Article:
NYA Mentor Mentee Program

NYA Mentor Mentee Program 2018-19

Brian kissmanNew York Academy is a school that is dedicated to building a cultural of professionalism. And, we are committed to maintaining effective school to home communication to inform and educate our stakeholders as to the quality of our work, ultimately to the benefit of our students.

Next school year we will implement our NYA Mentor/Mentee Program. What is the NYA Mentor/Mentee Program?

The New York Academy Mentor/Mentee Program supports teachers to grow and improve their best practice, meet professional responsibilities and ultimately improve student learning and growth.

The program promotes professional growth in an atmosphere that is collegial and non-judgmental.


  1. To provide mentees with support, encouragement, and guidance from their mentors, colleagues, principals, and education leaders.
  2. To provide mentees with a school orientation at the beginning of the school year.
  3. To review the NYA Essential Agreements and Non-negotiable best practice to ensure implementation with fidelity.
  4. To review the NYA Professional Standards for Teachers to ensure that the mentee fully understands the professional knowledge and skills required of all teachers.
  5. To familiarize mentee with the school curriculum, instructional resources, and professional development opportunities.
  6. To support mentees to develop and self-direct their Professional Improvement Plan.
  7. To grow mentees’ professional growth through peer coaching, self-reflection and professional development.
  8. To provide opportunities for mentees to observe highly qualified teachers.
  9. To encourage mentees to take risks and contribute to the NYA Professional Learning Community.
  10. To retain skilled, committed teachers who provide high quality instruction.
  11. To ensure confidentiality between mentor and mentee.

Core Mentoring Activities

The mentoring relationship is shaped by the activities that a mentor and mentee participate in together. These activities should help the mentee improve upon practice, develop an understanding of the Professional Standards for Teachers, and honor the NYA Learning Programs and Curriculum.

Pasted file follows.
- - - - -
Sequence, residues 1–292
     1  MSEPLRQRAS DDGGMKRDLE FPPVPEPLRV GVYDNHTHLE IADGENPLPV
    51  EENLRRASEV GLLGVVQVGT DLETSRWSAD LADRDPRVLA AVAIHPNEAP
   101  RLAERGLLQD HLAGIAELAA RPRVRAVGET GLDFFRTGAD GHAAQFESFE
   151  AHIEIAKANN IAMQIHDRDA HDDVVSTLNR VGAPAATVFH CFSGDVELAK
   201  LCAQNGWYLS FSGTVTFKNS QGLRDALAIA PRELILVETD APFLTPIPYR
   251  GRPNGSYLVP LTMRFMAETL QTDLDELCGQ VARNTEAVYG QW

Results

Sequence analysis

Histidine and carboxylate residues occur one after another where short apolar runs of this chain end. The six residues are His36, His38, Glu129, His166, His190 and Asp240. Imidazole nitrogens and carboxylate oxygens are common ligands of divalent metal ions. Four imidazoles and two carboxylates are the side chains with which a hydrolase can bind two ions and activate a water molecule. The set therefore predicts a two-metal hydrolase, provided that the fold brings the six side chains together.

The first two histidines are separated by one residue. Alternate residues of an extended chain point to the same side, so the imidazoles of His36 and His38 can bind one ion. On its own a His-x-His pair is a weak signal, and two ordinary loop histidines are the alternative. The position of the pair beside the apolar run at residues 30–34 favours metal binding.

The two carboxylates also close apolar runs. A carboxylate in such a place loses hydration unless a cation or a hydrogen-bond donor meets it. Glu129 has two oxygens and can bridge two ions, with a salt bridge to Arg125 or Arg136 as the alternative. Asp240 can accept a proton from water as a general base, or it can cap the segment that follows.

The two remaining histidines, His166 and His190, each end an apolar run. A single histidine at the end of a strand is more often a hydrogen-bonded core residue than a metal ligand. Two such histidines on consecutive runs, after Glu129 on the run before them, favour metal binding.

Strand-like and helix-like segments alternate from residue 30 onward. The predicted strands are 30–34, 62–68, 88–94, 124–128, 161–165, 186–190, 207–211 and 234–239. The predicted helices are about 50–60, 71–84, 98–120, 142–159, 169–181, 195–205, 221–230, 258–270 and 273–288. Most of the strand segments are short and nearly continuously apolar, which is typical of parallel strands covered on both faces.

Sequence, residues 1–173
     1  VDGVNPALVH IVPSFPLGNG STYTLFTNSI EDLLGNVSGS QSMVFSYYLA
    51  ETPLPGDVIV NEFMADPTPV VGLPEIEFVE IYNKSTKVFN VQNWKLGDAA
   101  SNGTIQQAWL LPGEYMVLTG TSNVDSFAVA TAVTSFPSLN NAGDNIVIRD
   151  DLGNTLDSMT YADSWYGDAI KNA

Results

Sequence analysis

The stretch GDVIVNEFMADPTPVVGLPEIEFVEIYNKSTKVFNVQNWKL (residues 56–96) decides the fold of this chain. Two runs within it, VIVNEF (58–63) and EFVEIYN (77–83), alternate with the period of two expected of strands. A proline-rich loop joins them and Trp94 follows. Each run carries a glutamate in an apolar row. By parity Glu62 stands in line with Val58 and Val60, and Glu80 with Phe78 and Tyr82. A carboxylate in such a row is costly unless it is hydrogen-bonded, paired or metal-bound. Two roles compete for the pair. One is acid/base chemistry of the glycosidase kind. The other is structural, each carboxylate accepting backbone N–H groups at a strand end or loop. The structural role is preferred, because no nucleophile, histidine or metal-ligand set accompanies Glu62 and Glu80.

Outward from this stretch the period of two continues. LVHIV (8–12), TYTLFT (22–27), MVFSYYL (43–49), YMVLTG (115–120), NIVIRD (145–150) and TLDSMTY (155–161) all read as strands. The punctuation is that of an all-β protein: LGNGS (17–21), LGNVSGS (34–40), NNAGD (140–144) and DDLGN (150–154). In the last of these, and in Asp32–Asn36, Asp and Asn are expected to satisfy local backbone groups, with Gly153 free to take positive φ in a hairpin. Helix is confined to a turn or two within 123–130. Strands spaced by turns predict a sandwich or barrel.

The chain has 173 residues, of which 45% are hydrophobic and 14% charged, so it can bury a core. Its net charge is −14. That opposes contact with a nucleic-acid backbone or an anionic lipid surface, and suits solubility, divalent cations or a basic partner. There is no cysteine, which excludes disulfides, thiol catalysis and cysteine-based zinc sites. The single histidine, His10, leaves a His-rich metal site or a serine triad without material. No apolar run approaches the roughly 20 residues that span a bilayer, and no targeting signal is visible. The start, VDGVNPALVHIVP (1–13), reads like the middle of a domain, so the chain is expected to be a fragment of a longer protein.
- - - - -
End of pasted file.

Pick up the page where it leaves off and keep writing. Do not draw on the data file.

The activities may include but not be limited to:

  1. Meeting weekly during the school year to plan curriculum and lessons and to engage in cognitive coaching sessions.
  2. Observing one another’s classroom.
  3. Analyzing and coaching the mentee’s practice criteria to help the mentee to improve his/her teaching effectiveness.
  4. Co-teaching lessons.
  5. Providing an array of assistance to the mentee, ranging from help with policies and procedures, to guidance on classroom management, to feedback on instructional strategies and other aspects of professional practice.

Participant’s Roles and Responsibilities


  1. Meet weekly with mentor
  2. Engage in the mentoring relationship. A new teacher can do this by offering critical reflections on her/his own practice and by identifying areas in which assistance is needed.
  3. Seek out help. The beginning teacher must understand that he or she must seek out support from team members, be forthright in communicating classroom issues, and remain open to feedback to develop as a professional.
  4. Observe experienced teachers at work. The new teacher with the help of his/her mentor should participate in a schedule of observations of experienced teachers.The new teacher is encouraged to keep a log to record and reflect on the diversity of their styles.
  5. Participate in a support process for maintaining a mentor/mentee relationship. If an unresolvable issue arises in the mentor/mentee relationship, the mentee can request a meeting with the Principal and/or Head of School to help to reach a resolution.
  6. Participate regularly in programs organized for new teachers. These include, but are not limited to, support groups, professional development seminars and new teacher workshops.


  1. Ensure a strong start to the year. Mentors can help new teachers launch into a productive year by making sure they know where to obtain all needed materials and by explaining the routines and schedules that are pertinent to them.
  2. Provide instructional support. This includes, but is not limited to:
    1. Providing regular opportunities for mentee(s) to observe mentor teaching.
    2. Participating in discussions following lessons that draw upon coaching andreflective thinking techniques.
    3. Conferencing with the new teacher following observed lessons.
    4. Maintaining open communication with mentee either face to face or electronically.